The problem with irrational people is not that they suffer from some form of mental illness, the problem is that they have never been faced down with enough contradictions that they start backing down slightly.
Take Alex, for example, he's about as least likely to listen to a theist as one can be. However, if you read his posts over at the other forum (I do it whenever I get bored), I see that he has come to accept virtual particles as existing and that violations of conservation do occur with regard to these virtual particles. I might not have convinced Alex to become a theist, but I did convince him of some things. I budged an apparently immovable force. True, he left the forum, but he budged.
People budge all the time. We just don't see it. Dick has budged, it is just so imperceptible that we don't see it. Alan has budged, it is just so imperceptible. All of us budge.
The important point of this budging is that as the most stubborn of us budge after getting an onslaught of good arguments, others who are not so convicted, budge even more.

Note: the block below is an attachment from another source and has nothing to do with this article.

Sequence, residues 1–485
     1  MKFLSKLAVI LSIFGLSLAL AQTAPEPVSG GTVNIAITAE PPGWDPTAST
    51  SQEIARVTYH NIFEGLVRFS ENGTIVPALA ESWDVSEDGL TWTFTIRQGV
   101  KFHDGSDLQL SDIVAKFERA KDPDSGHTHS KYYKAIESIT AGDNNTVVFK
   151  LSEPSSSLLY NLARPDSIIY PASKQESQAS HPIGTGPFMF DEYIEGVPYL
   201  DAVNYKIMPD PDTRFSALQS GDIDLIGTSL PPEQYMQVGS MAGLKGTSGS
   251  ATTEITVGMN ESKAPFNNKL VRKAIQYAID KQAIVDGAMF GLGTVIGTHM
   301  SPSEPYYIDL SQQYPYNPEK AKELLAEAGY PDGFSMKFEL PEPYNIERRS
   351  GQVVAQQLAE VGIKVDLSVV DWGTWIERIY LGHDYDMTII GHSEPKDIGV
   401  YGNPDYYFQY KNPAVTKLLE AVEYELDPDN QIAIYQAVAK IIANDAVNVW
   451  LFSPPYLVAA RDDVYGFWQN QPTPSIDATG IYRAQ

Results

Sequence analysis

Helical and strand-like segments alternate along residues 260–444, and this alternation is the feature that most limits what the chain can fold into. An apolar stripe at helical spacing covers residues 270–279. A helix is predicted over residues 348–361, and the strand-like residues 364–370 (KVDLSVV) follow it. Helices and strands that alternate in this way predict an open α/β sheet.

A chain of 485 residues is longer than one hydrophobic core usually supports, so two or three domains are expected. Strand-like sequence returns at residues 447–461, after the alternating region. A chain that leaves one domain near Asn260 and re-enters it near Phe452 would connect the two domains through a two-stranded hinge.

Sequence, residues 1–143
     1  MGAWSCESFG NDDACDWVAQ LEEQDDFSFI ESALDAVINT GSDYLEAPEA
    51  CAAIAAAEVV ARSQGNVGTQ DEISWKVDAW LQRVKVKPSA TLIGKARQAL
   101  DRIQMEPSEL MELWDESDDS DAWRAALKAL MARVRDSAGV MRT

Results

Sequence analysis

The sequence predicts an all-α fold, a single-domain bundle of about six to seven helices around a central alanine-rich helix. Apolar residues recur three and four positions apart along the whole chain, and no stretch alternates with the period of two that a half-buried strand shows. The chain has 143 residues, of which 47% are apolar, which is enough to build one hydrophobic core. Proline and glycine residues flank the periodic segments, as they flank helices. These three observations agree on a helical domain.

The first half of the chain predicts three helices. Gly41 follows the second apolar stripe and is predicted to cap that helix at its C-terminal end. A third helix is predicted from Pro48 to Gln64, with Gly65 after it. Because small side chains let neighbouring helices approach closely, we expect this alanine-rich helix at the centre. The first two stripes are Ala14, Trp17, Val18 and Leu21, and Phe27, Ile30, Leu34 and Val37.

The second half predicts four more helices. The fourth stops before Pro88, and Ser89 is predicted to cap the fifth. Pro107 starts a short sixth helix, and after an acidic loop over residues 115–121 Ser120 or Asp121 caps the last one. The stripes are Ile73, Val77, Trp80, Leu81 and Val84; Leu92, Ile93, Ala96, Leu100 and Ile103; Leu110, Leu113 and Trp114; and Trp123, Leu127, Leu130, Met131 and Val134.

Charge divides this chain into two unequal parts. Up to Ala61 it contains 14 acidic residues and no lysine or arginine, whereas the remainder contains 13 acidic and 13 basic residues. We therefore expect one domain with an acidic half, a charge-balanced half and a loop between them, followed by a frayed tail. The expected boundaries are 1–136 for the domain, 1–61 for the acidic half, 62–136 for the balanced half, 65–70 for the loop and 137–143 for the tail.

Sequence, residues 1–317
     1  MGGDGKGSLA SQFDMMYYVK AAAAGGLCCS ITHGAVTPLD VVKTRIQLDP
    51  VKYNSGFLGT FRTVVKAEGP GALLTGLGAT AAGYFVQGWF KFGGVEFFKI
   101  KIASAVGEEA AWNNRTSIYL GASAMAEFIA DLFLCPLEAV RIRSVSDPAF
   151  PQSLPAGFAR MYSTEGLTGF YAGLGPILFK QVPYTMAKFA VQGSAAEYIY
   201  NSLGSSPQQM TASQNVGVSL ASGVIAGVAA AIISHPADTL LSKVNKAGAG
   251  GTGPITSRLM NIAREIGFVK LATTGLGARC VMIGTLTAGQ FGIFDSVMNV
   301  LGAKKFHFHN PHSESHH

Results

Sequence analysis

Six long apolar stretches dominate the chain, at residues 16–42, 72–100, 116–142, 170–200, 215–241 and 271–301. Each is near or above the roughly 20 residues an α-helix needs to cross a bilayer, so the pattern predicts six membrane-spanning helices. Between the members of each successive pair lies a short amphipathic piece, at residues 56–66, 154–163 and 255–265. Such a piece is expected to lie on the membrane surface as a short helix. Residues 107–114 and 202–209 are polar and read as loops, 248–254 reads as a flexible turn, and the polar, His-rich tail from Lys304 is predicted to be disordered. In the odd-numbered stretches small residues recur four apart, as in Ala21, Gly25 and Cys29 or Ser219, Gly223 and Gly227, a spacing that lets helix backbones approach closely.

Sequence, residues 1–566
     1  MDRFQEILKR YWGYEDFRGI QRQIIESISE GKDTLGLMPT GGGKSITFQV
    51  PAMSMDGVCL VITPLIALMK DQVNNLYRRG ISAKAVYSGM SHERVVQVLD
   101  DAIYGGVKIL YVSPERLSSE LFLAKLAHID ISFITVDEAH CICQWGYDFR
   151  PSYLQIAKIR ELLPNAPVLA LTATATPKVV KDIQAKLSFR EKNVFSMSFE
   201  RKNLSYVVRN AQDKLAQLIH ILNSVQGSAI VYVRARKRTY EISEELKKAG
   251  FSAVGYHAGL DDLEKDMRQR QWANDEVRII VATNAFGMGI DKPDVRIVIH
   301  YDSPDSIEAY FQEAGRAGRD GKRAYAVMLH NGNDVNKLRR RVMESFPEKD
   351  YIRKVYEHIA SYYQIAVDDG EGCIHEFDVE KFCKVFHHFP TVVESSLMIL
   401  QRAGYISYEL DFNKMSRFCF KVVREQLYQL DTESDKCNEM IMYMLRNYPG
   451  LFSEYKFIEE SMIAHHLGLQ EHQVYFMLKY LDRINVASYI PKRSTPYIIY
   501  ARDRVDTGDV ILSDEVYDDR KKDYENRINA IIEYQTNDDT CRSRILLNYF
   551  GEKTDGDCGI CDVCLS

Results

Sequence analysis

Science is one of the best 'budgers' out there. It forces us to reconsider other ideas, other notions - sometimes in contradiction to our religious notions. However, the need for spirituality is so much an intrinsically human need, that humans will always find spiritual responses to whatever science forces us to accept or not accept. In the case of Carl Sagan, he found the search for ET to be a 'spiritual' ideal (if you doubt that just read his book "Contact"). If you look at Richard Dawkins, he finds evolution and natural selection to be a 'spiritual' encounter. No doubt these forms of spiritual conceptions are lacking in what humans need, and only a belief in God can even remotely provide for most of us.
Nevertheless, we still live in an era where fundamentalism, in its current forms, is still very appealing to people all over the planet (whether it be Christian, Islamic, Hindu, Communist, Scientific, etc). What is needed is to continue to budge people away from the false sense of hope that fundamentalism provides, and bridge toward a less fundamentalist security blanket which is a more pure form of spirituality.
I think it is worth budging people toward that way. It requires digging in and budging others (as well as being budged), but it is worth the effort since it brings about the spirituality that I desire in myself.
Warm regards, Harv